My problem with them has always been that these patterns are simple and striking and very versatile but they are just not made for short and wide body types. The drape wrong, they pull, they aren't flattering. And quilted clothing can be a disaster unless done really, really carefully. So, I looked (and observed and learned) and made some for friends, but never made any of this clothing for myself. I did use some of the ideas in other projects. I have a couple more of her more recent books, too. This is another of my early books that really influenced me. It features costume from the Middle and Far East from the American Museum of Natural History's collections. The book has both photographs--and by the time this was produced, more color was being used--and line drawings. I have a lot more on ethnic and other clothing, fashion, sewing, and the like. These are just my oldest that I pulled down to enjoy once again. (these are all keepers)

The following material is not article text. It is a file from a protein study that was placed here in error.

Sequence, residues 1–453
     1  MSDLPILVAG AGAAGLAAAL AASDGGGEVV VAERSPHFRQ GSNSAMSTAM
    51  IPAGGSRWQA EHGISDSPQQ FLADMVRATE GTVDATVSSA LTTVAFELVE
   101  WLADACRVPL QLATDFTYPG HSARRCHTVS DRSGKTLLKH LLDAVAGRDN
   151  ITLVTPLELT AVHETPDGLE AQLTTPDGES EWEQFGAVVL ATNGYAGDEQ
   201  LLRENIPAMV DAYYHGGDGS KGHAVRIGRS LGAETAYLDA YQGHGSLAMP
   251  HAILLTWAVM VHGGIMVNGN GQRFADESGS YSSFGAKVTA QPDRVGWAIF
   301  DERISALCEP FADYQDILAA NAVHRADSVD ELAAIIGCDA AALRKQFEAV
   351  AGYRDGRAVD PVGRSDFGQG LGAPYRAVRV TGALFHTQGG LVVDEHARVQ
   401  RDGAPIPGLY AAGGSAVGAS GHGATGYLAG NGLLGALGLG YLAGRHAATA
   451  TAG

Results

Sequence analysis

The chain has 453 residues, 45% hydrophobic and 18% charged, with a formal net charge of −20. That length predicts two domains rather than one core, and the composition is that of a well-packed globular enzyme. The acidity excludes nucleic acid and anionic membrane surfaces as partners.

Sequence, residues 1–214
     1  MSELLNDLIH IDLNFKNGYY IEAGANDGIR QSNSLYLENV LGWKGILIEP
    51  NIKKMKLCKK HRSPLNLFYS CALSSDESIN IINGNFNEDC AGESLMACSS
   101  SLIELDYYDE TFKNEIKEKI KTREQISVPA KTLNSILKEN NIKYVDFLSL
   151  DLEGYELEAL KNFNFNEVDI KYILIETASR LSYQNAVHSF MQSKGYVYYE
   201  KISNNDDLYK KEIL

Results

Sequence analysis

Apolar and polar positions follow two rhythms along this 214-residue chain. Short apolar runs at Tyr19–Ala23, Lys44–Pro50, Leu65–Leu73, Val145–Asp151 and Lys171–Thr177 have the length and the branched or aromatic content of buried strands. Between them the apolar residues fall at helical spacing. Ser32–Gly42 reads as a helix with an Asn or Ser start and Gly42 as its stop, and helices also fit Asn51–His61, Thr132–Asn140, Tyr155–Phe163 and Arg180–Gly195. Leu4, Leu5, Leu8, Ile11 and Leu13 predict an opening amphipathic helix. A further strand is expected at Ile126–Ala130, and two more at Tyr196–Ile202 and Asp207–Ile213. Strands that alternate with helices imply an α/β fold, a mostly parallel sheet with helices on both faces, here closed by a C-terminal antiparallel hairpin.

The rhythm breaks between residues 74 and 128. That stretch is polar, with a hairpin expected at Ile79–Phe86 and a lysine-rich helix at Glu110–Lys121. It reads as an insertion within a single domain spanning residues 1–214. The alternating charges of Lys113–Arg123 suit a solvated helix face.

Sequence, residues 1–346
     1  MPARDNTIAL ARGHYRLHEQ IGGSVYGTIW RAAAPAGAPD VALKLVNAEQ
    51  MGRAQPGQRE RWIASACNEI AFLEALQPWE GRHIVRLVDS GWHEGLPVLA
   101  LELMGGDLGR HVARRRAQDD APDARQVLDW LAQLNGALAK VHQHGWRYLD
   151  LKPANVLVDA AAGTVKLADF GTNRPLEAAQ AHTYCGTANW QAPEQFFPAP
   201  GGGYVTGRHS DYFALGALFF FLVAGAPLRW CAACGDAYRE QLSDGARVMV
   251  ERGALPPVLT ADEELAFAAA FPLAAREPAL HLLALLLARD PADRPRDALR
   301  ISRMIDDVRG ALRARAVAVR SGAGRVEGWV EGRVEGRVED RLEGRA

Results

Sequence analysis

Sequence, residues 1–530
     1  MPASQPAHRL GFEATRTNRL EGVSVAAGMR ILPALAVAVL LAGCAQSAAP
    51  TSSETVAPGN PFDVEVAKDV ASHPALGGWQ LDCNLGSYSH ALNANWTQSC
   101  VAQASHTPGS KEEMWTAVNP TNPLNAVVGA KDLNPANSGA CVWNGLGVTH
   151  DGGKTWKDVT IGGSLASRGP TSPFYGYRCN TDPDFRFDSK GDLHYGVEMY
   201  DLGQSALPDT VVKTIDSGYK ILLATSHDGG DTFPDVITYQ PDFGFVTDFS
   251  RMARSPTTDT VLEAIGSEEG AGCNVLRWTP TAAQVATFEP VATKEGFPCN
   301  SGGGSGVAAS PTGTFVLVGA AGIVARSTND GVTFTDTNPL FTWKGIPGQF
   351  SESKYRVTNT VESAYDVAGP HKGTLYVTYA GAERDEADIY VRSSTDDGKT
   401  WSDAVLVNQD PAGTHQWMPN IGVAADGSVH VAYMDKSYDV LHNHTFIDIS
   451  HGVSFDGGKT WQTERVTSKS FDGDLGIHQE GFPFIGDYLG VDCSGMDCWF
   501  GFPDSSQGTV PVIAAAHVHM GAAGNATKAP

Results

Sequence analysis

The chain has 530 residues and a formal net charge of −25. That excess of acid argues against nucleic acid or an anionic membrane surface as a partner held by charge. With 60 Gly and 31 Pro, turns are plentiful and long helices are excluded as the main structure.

The clothing of an area is inextricable from the lives and work of the people wearing it, the climate, the economy, the society. Just this one small study can teach you a lot about everything about a society. Plus, it's way cool to look at.
Thursday, March 18, 2010
My friend Jenny's article, "Lewis Carroll's Shifting Reputation," has been published in the Smithsonian Magazine. It's up on their website. I really enjoyed reading it.
Wednesday, March 17, 2010